Look for common types of lawn grass. When you find the type that you have, you will also find lots of information for proper lawn care. You can even purchase seed, fertilizer and other necessities online.
Joining a local gardening group can also be helpful in learning what types of grass are common to your area. Local lawn masters will surely be able to help you identify your grass.
They can also provide you with solid tips, advice and information about successful lawn care in your area.
Related Reading: Lawn Care Questions and Answers
4. Skimping On Your Grass Seed Purchase
When searching for grass seed for sale either online or in the real world, you will surely run across a number of bargain brands. Avoid these!
Cheap grass seed is usually cheap because it has failed to pass necessary inspections. This type of seed is usually not pure and has a large percentage of weed seed mixed into it.
Remember that your lawn is an investment in your home, so you should choose the best quality seeds and products when engaging in lawn care.
Look for a high quality grass seed that is listed as being 99.5 percent free of weed seed. This statistic is required by law in the packaging of grass seed.
5. Excessive Watering
When you water your lawn too much, you waste a valuable resource and endanger the health of your lawn. Over-watering can do a great deal of damage because a soggy lawn is more likely to develop fungus and contract diseases.
Additionally, when you water your lawn too much it grows too fast and causes all of the problems we have discussed in regards to allowing your grass to grow too high.
Furthermore, excessive watering washes away your expensive fertilizer. This wastes your money and damages precious groundwater.
Related: Lawn Watering Tips
To avoid excessive watering, you should invest in a soil moisture meter. These meters are very simple and valuable tools that you can pick up for $10 or so at any garden center or home store.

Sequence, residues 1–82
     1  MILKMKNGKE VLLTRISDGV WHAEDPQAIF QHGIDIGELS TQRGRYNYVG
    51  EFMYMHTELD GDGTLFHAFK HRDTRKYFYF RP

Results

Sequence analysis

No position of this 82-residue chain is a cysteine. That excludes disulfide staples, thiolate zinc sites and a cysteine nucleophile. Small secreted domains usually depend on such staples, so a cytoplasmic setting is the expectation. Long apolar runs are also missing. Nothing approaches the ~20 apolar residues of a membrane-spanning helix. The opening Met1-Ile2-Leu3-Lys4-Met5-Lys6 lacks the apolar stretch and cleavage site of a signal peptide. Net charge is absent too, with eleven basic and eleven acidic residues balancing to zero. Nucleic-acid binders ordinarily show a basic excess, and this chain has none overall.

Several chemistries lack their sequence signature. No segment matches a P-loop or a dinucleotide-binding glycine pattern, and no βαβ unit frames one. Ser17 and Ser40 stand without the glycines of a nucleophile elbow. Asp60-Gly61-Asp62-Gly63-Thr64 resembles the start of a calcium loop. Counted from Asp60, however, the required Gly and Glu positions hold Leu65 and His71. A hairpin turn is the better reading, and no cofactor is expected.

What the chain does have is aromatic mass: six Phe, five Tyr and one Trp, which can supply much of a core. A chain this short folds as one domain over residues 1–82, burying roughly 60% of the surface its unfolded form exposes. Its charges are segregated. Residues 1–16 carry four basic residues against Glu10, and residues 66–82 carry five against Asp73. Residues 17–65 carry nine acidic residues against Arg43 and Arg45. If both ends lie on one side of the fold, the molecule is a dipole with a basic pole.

There are more costly versions available that are recommended for use with irrigation systems. One of the best is the UgMO PH 100. This system makes use of underground soil sensors that let your irrigation system know when it is time to water.
6. Removing Grass Clippings
Bagging your grass clippings is a big mistake because as they decompose, they provide your lawn with the perfect mix of nutrients.
Although you may believe that leaving your grass clippings on the lawn will cause thatch, this is actually not true. Thatch is made up of decomposed grass roots. It is NOT made up of decomposed grass clippings.
To take advantage of the perfect natural fertilizing capabilities of grass clippings, you should use a mulching mower. This type of mower chops grass clippings very fine and distributes them evenly as you mow.
Mulching your lawn with natural grass clippings helps keep your soil rich and nourishing and your lawn healthy and green.
7. Failing To Enrich the Topsoil In A Newly Minted Lawn
In new housing developments, the topsoil is often stripped away and the contours of the earth are reshaped in a way that enables water to run off efficiently.
Unfortunately, this often means that your lawn is planted in subsoil rather than topsoil. Subsoil is not nourishing, so your grass will not thrive without help.
To counteract this problem, you should fertilize a bit more enthusiastically when getting the lawn of a brand-new home started.
Keep in mind that you will not want to use a larger amount of fertilizer than that recommended. Just apply a sensible amount of fertilizer at relatively close intervals in the spring.
It’s a good idea to fertilize in May and again in June. Once your lawn is established, you can apply your second application of fertilizer as late as July.
8. Failing to Keep Your Mower Blade Sharp
When you mow with dull blades, the result will be ripped up grass rather than cleanly cut grass. When you treat your grass this roughly, you cause it to experience a great deal of stress.
This makes it more susceptible to disease and drought. Additionally, it can cause your grass to take on a whitish cast.
To avoid these problems, be sure to sharpen the blades of your mower at least once annually.
Check them frequently because you may need to sharpen them more often if there are a lot of roots in your yard or if your blades become damaged by hitting rocks or other hard surfaces.
Smart Lawn Care Is Thrifty And Wise
Although lawns are often touted as being tremendously wasteful of resources, it doesn’t have to be that way.
The fact of the matter is, with regular care and carefully measured watering and fertilizing, you can get excellent results for a reasonable investment.
Reusing valuable natural resources (e.g. grass clippings) helps you reap even more benefits from your investment in time and money. Heed these 8 smart lawn care “don’ts” to have a lawn that adds real curb appeal to your home.